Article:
Want to think more creatively? Move your body, and move away from your emotional baseline—in any direction.
Humans have a complicated relationship with walking. This wasn’t always so. British paleoanthropologist Mary Leakey identified marks of bipedalism dating back 3.7 million years in Tanzania—it’s an old endeavor indeed. The story of our uprightness was, for most of history, one of survival and thriving. Today the tale of our peculiar relationship to gravity is being written much differently.
Bipedalism conferred onto us two distinct advantages. First, it helped us gaze longer into the landscape than quadrupeds, who must rely on mountaintops and trees to acquire such spatial information. This helped us quickly identify prey and predator, both of our species and others. Our reaction time increased.
Secondly, and more importantly for this story, the ability to walk turned us into efficient communicators. As a social animal the extra distance offered by bipedalism let us signal across large expanses. Creative means of communication developed. Walking and creativity developed together.
Was walking considered a creative endeavor, however? Utilitarian, definitely. Every facet of our existence relied on an ability to travel long distances (as well as, in the early days of agriculture, walk around tending to crops). Today nomadism is romanticized, but for millions of years it was necessary for survival.
The more sedentary the world has become, the more the primitive act of walking is romanticized. Gardens erected by 17th-century British aristocracy were our introduction to what would become public parks—specific locations of recreation and retreat to spend hours meandering through. To celebrate, poets and thinkers poured accolades on our simplest and most profound example of biomechanics.
Modern activities for creative problem solving include daydreaming, sleep, and cardiovascular exercise. Walking appears to be a more benign solution, with the environment often being touted as the catalyst for ingenuity. Stanford researchers Marily Oppezzo and Daniel L. Schwartz wanted to know if the brain-body connection offered by walking alone is enough to kickstart creative juices. Their answer is yes.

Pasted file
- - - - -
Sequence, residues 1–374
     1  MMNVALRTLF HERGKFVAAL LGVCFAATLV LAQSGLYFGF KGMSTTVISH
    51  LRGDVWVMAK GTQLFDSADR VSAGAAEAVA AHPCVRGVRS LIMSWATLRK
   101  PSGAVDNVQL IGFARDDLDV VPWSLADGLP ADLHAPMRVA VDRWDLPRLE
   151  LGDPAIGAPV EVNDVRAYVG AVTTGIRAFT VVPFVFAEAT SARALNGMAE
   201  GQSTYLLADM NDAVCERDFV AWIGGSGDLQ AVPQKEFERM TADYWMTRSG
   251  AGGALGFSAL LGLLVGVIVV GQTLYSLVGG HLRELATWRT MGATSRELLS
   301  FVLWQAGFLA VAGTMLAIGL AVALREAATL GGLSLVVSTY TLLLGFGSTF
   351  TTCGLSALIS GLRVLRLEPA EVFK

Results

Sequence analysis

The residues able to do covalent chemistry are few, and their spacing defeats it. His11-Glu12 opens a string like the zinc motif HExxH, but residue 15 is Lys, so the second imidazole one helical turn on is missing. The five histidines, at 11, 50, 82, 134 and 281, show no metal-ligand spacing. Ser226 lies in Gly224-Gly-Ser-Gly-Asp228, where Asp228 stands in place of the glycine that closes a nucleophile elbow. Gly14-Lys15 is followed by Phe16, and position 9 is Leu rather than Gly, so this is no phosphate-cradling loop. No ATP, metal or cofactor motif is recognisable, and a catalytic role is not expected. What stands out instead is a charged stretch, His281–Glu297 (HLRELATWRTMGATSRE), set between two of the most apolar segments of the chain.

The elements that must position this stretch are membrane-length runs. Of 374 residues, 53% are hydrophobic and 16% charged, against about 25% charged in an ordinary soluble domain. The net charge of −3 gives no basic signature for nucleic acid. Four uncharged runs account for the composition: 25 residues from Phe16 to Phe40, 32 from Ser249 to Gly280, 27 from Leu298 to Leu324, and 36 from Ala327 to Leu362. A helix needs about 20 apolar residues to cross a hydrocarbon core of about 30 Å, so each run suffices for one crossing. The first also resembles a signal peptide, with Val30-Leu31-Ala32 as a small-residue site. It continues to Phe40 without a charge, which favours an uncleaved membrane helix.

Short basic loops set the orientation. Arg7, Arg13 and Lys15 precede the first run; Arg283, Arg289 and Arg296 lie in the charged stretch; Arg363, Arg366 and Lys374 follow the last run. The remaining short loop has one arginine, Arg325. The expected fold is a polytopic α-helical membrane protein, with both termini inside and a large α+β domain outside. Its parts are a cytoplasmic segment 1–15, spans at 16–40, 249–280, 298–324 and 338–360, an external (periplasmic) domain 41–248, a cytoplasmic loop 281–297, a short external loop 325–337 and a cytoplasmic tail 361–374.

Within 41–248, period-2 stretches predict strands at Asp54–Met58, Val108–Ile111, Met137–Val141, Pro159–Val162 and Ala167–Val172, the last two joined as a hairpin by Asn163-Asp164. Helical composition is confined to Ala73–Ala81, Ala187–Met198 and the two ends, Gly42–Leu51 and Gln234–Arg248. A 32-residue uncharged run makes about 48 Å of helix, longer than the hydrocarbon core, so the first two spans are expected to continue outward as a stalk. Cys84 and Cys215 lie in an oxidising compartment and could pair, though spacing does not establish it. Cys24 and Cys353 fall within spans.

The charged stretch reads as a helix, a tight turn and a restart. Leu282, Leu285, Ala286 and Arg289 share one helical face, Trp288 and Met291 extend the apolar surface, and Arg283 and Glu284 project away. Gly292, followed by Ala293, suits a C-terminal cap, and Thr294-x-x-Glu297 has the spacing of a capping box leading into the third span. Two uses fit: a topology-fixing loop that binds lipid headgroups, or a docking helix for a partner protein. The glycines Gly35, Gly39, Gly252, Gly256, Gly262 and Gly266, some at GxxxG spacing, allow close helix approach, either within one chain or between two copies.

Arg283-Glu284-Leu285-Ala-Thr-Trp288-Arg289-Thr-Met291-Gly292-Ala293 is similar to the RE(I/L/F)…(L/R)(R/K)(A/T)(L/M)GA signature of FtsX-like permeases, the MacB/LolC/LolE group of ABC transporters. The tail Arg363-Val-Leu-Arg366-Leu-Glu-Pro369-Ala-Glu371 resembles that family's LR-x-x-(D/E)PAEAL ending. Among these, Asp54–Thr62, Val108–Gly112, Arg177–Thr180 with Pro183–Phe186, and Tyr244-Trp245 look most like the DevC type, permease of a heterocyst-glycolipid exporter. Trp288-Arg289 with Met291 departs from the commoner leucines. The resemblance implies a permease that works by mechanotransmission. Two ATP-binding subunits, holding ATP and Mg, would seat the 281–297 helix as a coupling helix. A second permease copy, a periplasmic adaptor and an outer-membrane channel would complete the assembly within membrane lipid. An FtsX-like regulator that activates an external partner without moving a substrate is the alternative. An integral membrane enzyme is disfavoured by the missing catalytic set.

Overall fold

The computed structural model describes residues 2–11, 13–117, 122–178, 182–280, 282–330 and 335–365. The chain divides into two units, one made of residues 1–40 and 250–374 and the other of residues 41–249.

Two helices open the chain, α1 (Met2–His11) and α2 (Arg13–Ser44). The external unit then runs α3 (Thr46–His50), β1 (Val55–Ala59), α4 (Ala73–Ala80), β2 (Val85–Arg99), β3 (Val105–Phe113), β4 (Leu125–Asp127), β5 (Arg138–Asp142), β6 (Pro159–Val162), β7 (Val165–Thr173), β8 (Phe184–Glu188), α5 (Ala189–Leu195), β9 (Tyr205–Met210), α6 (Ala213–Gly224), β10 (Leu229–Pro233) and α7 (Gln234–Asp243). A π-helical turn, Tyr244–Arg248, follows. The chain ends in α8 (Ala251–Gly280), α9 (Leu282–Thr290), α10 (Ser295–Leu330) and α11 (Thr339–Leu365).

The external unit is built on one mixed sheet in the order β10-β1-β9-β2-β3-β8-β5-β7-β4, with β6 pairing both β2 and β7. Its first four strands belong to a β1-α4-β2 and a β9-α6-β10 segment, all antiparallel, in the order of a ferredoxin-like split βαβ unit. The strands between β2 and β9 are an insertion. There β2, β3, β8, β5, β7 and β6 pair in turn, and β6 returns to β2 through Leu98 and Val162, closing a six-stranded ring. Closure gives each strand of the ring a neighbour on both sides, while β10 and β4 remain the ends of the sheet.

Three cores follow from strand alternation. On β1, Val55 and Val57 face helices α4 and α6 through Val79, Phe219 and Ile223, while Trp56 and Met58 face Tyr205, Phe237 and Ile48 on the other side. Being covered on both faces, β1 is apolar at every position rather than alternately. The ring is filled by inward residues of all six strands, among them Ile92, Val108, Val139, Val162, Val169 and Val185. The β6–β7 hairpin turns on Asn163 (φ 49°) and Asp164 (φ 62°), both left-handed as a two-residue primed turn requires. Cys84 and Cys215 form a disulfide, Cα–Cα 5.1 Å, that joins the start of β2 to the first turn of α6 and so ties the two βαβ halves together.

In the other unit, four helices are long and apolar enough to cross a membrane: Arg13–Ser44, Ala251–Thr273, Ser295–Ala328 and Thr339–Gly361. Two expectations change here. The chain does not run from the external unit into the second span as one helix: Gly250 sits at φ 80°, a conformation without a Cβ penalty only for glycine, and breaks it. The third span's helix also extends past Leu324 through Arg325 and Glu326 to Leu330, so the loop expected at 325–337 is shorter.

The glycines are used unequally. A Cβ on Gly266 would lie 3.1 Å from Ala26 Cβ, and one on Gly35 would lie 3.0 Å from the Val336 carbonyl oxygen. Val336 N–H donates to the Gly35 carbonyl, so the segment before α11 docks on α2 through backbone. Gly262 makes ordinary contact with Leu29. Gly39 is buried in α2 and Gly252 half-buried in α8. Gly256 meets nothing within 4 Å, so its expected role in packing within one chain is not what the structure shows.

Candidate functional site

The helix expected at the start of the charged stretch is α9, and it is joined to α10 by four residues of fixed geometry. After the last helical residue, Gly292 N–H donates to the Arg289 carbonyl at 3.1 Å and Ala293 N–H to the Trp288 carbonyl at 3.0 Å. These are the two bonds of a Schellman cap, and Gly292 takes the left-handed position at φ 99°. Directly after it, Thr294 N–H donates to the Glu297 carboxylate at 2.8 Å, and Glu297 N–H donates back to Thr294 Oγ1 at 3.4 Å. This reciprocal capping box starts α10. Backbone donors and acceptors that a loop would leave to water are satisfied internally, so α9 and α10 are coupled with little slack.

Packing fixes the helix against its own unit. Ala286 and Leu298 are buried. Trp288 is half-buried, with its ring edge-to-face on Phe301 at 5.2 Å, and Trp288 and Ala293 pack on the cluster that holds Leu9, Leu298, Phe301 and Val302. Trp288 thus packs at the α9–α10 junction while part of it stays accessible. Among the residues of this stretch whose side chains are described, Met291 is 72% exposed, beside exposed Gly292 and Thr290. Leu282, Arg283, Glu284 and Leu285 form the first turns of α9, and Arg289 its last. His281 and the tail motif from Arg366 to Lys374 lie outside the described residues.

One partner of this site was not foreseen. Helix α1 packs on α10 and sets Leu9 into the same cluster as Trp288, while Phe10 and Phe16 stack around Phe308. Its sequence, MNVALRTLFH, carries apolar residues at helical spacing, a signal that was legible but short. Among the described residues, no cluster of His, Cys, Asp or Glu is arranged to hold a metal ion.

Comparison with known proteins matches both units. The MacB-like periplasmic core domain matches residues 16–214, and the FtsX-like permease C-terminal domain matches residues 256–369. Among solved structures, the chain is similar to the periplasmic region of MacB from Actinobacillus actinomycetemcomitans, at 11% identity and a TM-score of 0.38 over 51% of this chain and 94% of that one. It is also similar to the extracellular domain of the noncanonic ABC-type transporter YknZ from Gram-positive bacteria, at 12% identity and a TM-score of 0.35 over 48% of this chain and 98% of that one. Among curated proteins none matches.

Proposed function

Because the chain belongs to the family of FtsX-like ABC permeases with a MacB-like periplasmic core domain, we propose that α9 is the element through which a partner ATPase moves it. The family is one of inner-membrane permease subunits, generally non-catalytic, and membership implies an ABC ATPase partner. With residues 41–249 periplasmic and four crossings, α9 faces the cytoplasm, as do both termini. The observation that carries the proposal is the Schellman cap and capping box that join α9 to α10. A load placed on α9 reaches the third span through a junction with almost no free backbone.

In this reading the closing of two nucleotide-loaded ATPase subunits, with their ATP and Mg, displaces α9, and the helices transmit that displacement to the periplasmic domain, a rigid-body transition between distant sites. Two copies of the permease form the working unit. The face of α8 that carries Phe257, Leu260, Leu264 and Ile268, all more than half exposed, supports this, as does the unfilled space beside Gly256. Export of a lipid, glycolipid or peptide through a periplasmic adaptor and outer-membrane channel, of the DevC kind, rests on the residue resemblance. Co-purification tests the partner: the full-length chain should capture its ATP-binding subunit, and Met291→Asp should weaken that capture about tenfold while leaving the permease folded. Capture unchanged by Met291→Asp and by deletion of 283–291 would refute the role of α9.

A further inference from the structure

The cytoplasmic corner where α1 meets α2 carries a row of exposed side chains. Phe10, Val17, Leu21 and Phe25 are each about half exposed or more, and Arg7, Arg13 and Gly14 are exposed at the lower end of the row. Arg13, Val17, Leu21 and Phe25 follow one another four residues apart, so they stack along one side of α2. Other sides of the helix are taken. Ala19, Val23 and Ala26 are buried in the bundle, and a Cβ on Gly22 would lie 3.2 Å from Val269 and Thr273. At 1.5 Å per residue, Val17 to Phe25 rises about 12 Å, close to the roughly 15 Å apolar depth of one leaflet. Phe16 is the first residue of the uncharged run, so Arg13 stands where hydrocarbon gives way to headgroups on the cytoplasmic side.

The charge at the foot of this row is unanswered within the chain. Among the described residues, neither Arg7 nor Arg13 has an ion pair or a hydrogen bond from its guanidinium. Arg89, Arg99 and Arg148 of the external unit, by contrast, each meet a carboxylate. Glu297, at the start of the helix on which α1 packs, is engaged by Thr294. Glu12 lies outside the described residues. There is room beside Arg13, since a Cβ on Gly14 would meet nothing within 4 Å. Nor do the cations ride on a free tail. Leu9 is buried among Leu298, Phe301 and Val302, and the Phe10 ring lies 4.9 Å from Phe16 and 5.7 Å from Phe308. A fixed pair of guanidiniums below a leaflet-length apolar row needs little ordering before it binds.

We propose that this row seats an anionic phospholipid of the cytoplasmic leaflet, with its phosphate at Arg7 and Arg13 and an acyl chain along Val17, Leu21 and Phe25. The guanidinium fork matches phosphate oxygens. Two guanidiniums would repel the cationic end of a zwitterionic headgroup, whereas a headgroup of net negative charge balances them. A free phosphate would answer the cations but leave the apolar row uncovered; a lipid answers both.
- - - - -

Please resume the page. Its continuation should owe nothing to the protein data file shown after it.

The team conducted four experiments to better understand how walking affects creative thinking, with two tests administered to participants. Guilford’s alternate uses (GUA) test is used to score on levels of originality, flexibility, fluency, and elaboration, while the compound remote associated (CRA) test was developed by social psychologist Martha Mednick in 1962 to score creative potential.
In the first experiment participants completed the two tests while seated and then while walking on a treadmill (to factor for environmental influence). In the next they were tested while seated and then walking, walking and then seated, and seated twice. In the third experiment they walked outdoors, and in the fourth a variety of situations were tested: sitting inside, walking on a treadmill, walking outside, or being rolled around on a wheelchair outdoors.
While reams of research exist on the topic related to cardiovascular performance, the Stanford team wanted to know if our simplest form of locomotion was similarly influential. To counter previous research, they write:
Asking people to take a 30-min run to improve their subsequent seated creativity would be an unhappy prescription for many people. Thus, the current research examined the more practical strategy of taking a short walk.
Their assessment? Walking encourages creativity. In three of the alternate uses studies the numbers were profound: 81%, 88%, and 100% of participants were more creative walking than sitting, including on the treadmill. They believe this research not only has an important effect on workplace environments, but should be considered much earlier in life:
While schools are cutting back on physical education in favor of seated academics, the neglect of the body in favor of the mind ignores their tight interdependence, as demonstrated here.
How could walking at a regulated pace on a machine while facing a white wall promote creativity? The researchers believe that a “complex causal pathway” exists between the physiology of walking and proximal cognitive processes.
While exercise is perceived to be inspirational, they believe less strenuous activity like walking also opens up creative pathways between body and brain. Performing beyond your “natural stride” is cognitively demanding, they write, while one’s natural gait allows their brain’s default mode network to kick in.